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Is the world's top allrounder trapped in the wrong sport? Hear it from the man himself
Interview by Nagraj Gollapudi
May 21, 2012
What is the secret to being the best allrounder in the world?
Keep working hard, keep doing the right things, and try and contribute to your team.
You spent a lot of your teenage years at boarding school. What are the advantages of staying away from home?
You become independent because you have to do lots of things by yourself. If you are home, your family will try and do it all for you.
Did you ever cook for your parents when they came to visit you in Dhaka?
I can only cook omelettes. That is the best I can do.
Tell us something we don't know about you.
I always say what is in my heart. I try to control myself but on certain occasions I can't hold it in. I am very emotional.
Has there been a time when you lost your temper while captaining Bangladesh?
I remember during the 2011 World Cup, I made some comments against some former Bangladesh players who were critical of me. I reacted strongly. I do regret that now. At that moment it felt like the right thing, but I have grown up now, I think differently.
Five-for or a hundred?
When I got the seven-wicket haul against New Zealand in Chittagong, I was ecstatic. But I will always put a hundred over a five-for because I do not need to work hard on my bowling. That is not the case when it comes to batting.
Do you have a hobby outside of cricket?
I like football more than cricket, seriously. I am football-crazy. I would stay up late to follow soccer in Europe. Barcelona, always. If the team hotels do not have football on TV, I will follow it on the internet. I have never been to Camp Nou yet. Maybe next year. I would like to watch Barca play Real Madrid.
Your nickname is Moyna (after the bird, the mynah). Who gave it?
I was at the High Performance Centre, where most players graduate into the Bangladesh team. Once, during a camp, Naeem Islam, one of my senior Bangladesh team-mates, started calling me Moyna for no particular reason. Tamim Iqbal (Petla - paunchy) and Mushfiqur Rehman (Batul - short) have funnier nicknames than mine.
Recently you came to an Asia Cup press conference in a clown hat. What was that all about?
Someone from the crowd threw me the hat after we made the final. The press conference came immediately after the victory ride. The next match, there were so many fans with similar hats in the ground.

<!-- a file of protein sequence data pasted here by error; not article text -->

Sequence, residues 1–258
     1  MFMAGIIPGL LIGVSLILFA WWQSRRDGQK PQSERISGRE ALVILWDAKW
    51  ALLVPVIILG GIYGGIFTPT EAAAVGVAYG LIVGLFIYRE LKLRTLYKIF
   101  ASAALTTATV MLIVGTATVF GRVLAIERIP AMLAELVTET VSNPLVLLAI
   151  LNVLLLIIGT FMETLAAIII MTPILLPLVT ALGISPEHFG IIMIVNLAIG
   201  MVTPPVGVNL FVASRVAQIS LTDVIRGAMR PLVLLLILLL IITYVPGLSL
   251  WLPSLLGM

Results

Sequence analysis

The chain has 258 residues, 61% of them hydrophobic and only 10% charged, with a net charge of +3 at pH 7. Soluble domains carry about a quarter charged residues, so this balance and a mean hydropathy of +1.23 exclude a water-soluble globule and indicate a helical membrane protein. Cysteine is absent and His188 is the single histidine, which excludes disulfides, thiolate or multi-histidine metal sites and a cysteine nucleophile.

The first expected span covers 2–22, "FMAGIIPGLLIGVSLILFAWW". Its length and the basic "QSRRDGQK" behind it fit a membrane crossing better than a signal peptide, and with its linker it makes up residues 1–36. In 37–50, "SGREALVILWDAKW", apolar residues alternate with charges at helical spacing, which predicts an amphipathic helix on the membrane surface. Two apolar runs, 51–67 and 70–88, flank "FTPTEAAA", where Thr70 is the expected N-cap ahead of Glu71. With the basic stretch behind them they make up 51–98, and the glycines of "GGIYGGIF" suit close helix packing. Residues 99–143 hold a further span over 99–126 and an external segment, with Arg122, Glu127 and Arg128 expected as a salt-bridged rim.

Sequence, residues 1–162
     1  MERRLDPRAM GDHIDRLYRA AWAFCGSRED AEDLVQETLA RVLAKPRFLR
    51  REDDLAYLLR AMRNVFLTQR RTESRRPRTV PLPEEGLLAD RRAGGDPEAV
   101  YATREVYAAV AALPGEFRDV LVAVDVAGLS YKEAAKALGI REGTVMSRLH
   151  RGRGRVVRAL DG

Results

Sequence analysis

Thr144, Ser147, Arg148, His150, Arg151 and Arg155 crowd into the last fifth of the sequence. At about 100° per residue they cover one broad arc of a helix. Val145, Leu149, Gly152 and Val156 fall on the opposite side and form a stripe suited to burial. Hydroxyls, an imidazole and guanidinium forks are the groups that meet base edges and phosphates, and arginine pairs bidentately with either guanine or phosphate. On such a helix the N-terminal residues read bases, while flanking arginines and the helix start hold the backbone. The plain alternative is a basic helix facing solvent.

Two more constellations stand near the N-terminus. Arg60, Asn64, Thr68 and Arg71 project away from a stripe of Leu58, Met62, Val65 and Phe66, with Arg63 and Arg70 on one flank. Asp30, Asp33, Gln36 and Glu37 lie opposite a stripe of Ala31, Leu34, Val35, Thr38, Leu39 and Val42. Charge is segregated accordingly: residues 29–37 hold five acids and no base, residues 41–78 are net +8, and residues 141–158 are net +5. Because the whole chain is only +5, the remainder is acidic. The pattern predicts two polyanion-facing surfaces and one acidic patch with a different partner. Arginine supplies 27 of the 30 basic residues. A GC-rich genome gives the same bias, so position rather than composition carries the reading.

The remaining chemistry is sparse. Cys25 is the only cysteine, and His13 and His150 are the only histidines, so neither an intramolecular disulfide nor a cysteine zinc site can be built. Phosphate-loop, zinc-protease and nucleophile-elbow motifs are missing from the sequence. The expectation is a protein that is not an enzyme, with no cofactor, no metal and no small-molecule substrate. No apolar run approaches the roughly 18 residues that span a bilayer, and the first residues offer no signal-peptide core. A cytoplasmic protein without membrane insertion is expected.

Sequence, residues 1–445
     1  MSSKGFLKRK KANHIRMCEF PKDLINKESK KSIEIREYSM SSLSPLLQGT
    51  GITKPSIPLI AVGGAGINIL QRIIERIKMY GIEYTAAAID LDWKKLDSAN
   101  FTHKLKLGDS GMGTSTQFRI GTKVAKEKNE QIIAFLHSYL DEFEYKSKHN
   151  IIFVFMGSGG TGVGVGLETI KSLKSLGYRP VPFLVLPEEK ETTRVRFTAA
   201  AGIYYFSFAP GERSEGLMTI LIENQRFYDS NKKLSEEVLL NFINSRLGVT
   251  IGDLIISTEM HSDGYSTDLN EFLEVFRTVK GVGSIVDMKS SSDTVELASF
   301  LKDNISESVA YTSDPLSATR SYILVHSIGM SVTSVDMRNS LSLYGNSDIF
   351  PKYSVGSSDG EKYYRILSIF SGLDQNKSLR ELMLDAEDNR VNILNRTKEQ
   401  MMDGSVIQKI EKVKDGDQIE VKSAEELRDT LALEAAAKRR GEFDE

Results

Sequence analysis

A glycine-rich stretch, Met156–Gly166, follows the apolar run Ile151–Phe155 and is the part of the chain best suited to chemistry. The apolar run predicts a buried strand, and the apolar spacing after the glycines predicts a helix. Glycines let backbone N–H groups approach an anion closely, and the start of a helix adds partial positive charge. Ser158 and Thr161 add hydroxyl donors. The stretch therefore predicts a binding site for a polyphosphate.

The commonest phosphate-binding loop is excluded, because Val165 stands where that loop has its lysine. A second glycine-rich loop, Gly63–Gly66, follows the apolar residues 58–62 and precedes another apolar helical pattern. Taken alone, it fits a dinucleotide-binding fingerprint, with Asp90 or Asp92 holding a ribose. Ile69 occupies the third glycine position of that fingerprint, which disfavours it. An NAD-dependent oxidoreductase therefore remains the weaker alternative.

Do you agree the Bangladeshi fan is the most emotional in the cricketing world?
Both India and Bangladesh have highly emotional fans.
What's the one question the media should be banned from asking you?
What will happen in tomorrow's match?
What is one thing you can teach Shahrukh Khan?
Perhaps I can teach him how to spin the ball. But I am a little shy in his presence because I don't know what exactly to say.
Is it true that your fans have sent you marriage proposals in blood?
It has happened once or twice. I thought the woman must be really mad. Once, I was in a restaurant, and a lady fan sent me a love letter on a piece of tissue. I did not know who she was, as I did not see her.
Is there a match from the past where you wanted to be the player who turned the game on its head?
Either of the innings played by Gautam Gambhir or MS Dhoni for India during the 2011 World Cup final in Mumbai against Sri Lanka. The occasion was such that you couldn't express it in words. They absorbed the pressure and showed they were capable of playing such an innings. I would have loved to perform in such a situation.
What's the one thing tourists should always do in Bangladesh?
Never leave before tasting shorshey ilish, which is an amazing fish dish.
What Olympic sport would you buy a ticket to watch?
The 100 metres final. I don't have any tickets yet for the London Olympics, but if I go there I know someone will help me get in.
Nagraj Gollapudi is an assistant editor at ESPNcricinfoFeeds: Nagraj Gollapudi
© ESPN Sports Media Ltd.
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